Francesco Andreini (c. 1548 - 1624) was an Italian actor. Andreini was born at Pistoia. He was a member of the company of i Gelosi which Henry IV of France summoned to Paris to his bride, the young queen Marie de Medici, thus introducing the commedia dell'arte style to France. Both his wife, Isabella Andreini, and their son, Giambattista Andreini, were also distinguished in the arts.
Charles VII Albert (Brussels 6 August 1697 – 20 January 1745 in Munich), a member of the Wittelsbach family, was Prince-elector of Bavaria from 1726 and Holy Roman Emperor from 24 January 1742 until his death in 1745. Charles was notably the only person not of the House of Habsburg to become emperor-elect since the fifteenth century.
William Hogarth (10 November 1697 – 26 October 1764) was an English painter, printmaker, pictorial satirist, social critic and editorial cartoonist who has been credited with pioneering western sequential art. His work ranged from realistic portraiture to comic strip-like series of pictures called "modern moral subjects". Much of his work poked fun at contemporary politics and customs; illustrations in such style are often referred to as "Hogarthian".
Marie Anne de Vichy-Chamrond, marquise du Deffand (1697 – 23 September 1780) was a French hostess and patron of the arts. She was born at the Château de Chamrond, in Ligny-en-Brionnais, a village near Charolles of a noble family. Educated at a convent in Paris, she showed great intelligence and a sceptical, cynical turn of mind. The abbess, alarmed at the freedom of her views, arranged for Jean Baptiste Massillon to visit and reason with her, but he accomplished nothing.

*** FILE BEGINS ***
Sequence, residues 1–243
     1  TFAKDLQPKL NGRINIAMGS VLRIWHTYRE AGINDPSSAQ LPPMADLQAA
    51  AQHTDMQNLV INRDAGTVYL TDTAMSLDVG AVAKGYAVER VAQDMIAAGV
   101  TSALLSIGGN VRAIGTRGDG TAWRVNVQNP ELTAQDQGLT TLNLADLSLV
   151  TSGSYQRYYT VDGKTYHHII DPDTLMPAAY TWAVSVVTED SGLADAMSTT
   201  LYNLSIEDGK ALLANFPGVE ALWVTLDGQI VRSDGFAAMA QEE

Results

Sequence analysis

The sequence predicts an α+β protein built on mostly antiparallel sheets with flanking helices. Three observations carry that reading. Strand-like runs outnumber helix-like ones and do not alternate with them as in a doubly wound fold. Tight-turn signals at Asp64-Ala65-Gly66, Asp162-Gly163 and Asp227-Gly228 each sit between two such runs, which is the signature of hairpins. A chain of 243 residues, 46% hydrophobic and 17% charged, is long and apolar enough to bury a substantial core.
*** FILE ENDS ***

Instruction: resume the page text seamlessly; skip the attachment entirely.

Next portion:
Giovanni Antonio Canal (28 October 1697 – 19 April 1768) better known as Canaletto, was a Venetian painter famous for his landscapes, or vedute, of Venice. He was also an important printmaker in etching.
Admiral of the Fleet George Anson, 1st Baron Anson PC RN (23 April 1697 – 6 June 1762) was a British admiral and a wealthy aristocrat, noted for his circumnavigation of the globe and his role overseeing the Royal Navy during the Seven Years' War. During his time in office Anson instituted a series of reforms to the Royal Navy.
Bernardus Accama (1697 - 1756) was an eighteenth century Dutch historical and portrait painter, born in Friesland, possibly in Burum, the son of Aeltje Boetes Nievelt and Simon Accama the local church minister. He was christened 12 July 1696 at Burum. He worked and died in Leeuwarden.